What should we do to fight plastic pollution, Anna Petrig?
Text: Anna Petrig
Plastic waste is a global problem. An environmental scientist and an expert in international law on the actions that can be taken by private individuals and by policymakers.
Plastic production has soared from 2.3 million tons in 1950 to 390 million tons in 2021. Every single minute, the equivalent of one garbage truck of plastic ends up in the oceans – not only polluting coastal areas but increasingly turning the deep seabed into a dumping ground.
With increasing awareness of the threat of plastic pollution and its devastating impacts on both nature and people, pressure is mounting on states and international organizations to take legal action. In light of the global scale of the plastic problem, which affects all countries in the world and transcends national borders, there is an obvious need for global rules that allow for a coordinated approach.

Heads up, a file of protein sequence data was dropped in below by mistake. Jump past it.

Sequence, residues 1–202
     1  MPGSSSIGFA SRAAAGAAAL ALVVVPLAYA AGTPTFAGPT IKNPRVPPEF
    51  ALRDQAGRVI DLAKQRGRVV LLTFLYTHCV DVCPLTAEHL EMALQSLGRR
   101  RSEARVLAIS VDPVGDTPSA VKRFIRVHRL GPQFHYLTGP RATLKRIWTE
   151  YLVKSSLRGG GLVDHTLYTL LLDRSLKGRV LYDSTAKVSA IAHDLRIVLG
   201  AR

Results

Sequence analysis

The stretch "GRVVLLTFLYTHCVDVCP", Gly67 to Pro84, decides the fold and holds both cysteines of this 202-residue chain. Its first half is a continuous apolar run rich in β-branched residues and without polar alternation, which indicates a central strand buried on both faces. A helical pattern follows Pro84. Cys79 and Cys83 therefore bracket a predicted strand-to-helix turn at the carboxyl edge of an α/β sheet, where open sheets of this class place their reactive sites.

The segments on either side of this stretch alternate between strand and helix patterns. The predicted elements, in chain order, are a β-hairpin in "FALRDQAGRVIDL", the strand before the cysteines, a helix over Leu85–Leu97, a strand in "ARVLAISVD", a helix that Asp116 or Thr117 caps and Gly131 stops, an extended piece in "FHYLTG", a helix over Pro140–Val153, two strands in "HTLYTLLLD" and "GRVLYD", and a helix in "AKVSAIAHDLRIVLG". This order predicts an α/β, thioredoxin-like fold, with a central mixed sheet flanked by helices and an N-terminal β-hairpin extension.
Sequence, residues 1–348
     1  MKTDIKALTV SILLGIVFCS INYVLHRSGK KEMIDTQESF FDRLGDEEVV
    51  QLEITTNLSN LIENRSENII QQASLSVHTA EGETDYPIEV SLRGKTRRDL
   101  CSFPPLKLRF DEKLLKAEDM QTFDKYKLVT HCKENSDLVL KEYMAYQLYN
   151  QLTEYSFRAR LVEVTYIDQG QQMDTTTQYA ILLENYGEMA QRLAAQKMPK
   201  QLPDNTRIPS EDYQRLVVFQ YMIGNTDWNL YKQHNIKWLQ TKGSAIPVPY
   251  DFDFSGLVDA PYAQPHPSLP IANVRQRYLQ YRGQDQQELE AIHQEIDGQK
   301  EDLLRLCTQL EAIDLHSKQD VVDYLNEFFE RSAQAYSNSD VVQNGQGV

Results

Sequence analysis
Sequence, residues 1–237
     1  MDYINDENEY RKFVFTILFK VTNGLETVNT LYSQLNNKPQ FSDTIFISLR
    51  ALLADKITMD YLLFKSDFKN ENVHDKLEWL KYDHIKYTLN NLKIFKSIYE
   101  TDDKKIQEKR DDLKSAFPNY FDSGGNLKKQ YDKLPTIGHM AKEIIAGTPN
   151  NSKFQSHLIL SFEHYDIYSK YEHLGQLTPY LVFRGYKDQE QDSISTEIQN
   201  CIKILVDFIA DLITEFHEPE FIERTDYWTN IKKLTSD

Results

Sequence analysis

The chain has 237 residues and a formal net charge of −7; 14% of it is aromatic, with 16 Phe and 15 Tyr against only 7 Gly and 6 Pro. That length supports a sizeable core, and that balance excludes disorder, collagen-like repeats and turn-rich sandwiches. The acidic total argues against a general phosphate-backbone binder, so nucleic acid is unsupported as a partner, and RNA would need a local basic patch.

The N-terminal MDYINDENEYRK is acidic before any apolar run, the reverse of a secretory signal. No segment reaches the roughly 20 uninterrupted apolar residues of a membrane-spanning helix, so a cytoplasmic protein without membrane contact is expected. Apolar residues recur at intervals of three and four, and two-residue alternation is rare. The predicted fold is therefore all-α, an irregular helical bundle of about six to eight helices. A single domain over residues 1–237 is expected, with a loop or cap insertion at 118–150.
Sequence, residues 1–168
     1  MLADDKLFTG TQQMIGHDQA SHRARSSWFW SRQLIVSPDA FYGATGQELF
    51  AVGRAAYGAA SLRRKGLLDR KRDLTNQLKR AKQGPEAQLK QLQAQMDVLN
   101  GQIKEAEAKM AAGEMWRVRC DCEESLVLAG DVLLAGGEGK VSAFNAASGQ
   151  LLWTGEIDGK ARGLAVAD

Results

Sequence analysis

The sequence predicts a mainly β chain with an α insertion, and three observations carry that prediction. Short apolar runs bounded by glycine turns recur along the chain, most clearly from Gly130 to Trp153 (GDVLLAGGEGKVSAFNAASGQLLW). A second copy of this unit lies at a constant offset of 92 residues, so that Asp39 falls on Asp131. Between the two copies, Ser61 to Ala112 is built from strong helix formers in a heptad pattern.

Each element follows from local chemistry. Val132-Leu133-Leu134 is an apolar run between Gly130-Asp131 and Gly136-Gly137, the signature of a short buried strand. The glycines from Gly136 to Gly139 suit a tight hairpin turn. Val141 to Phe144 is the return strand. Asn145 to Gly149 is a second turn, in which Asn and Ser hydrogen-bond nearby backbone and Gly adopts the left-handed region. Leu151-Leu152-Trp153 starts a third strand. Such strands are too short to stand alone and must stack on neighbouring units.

While in recent years, global efforts to bolster the legal framework against plastic pollution have multiplied and intensified – notably within various United Nations (UN) fora – a treaty specifically dedicated to plastic pollution does not yet exist. Whereas various environmental treaties address plastic pollution, including the Basel Convention on waste management, they do not cover the whole lifecycle of plastics. It is against this backdrop that more than 2.2 million people from all over the world have signed the largest petition of the WWF ever, requesting the UN to tackle the plastic crisis through a global, legally binding and specifically dedicated agreement on plastic pollution.
Anna Petrig is Professor of International Law and Public Law at the University of Basel. She is an expert in the law of the sea and a member of the “Plastics Treaty Legal Advisory Service”, which provides legal advice to Least Developed Countries (LDC) and Small Island Developing States (SIDS) in the ongoing Plastic Treaty negotiations.
More article in this issue of UNI NOVA (May 2023).